In order to meet the needs of this urban class, MGI estimates India will need $1.2 trillion in capital investment, which represents about one-third of India's total 2009 GDP, along with 2.5 billion square meters of paved roads, 7,400 kilometers of new subways and transportation, and 700 million to 900 million square meters of commercial and residential space. This means that India would need to build a city the size of Chicago every year for the next 20 years to create enough commercial and residential space.
MGI concluded that demand will make "…this cycle different than anything we've experienced in the past."
In early December, a Bloomberg report also indicated that India's finance ministry said the country's economy is likely to surpass the government's 8.5% growth target for the fiscal year, the largest gains in three years, and that India could achieve a 9% growth rate sooner than expected. Record car sales in October, reported by the Society of Indian Automobile Manufacturers, and expanding bank credit with loans up 22% over a year earlier provide evidence of growing consumer demand in India.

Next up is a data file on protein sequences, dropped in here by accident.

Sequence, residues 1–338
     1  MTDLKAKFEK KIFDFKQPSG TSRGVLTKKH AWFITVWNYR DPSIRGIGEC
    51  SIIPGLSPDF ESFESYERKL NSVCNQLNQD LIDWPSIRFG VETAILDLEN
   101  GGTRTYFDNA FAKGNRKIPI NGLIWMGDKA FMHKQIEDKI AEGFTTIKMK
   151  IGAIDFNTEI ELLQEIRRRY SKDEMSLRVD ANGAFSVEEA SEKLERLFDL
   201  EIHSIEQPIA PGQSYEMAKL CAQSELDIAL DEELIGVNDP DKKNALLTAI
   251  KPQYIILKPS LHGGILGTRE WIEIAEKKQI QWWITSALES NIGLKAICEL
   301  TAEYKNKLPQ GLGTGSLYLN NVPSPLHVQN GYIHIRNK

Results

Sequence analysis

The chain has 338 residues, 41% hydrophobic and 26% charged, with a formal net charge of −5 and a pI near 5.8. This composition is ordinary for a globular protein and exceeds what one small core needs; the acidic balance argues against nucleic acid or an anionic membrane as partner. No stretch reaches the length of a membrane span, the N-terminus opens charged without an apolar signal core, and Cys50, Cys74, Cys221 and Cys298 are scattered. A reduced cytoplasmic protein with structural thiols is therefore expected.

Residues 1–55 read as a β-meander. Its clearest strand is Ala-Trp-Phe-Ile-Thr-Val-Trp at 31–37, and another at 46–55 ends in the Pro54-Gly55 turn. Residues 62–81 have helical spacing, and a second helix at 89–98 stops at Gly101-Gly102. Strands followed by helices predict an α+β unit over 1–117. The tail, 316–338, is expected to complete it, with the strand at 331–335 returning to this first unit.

In September 2010 The Economist cited the young labour demographic as one of the factors that will contribute to India's projected growth. The "second advantage is that the economic reforms of the early 1990s have unleashed an explosion of pent-up commercial energy." While "China's growth has been largely state-directed…India's is driven by 45 million entrepreneurs" according to the Federation of Indian Chambers of Commerce and Industry. Finally, The Economist says, "India's democracy may confer long-term benefits…In the long run, that may offer a better guarantee of the stability that businesses crave."
The Excel India Fund has a unique structure that provides investors with 2 distinct advantages: the Fund incurs no withholding tax on capital gains in India and has no foreign investment limitations. This structure is grandfathered and cannot be replicated by another Canadian investment fund. Excel India Fund's sub-adviser, Birla SunLife AMC Ltd., which has managed the fund since its inception in 1998, are award-winning, "on-the-ground" experts resident in Mumbai, India with their fingers on the pulse of both the overall Indian economy and individual investee companies.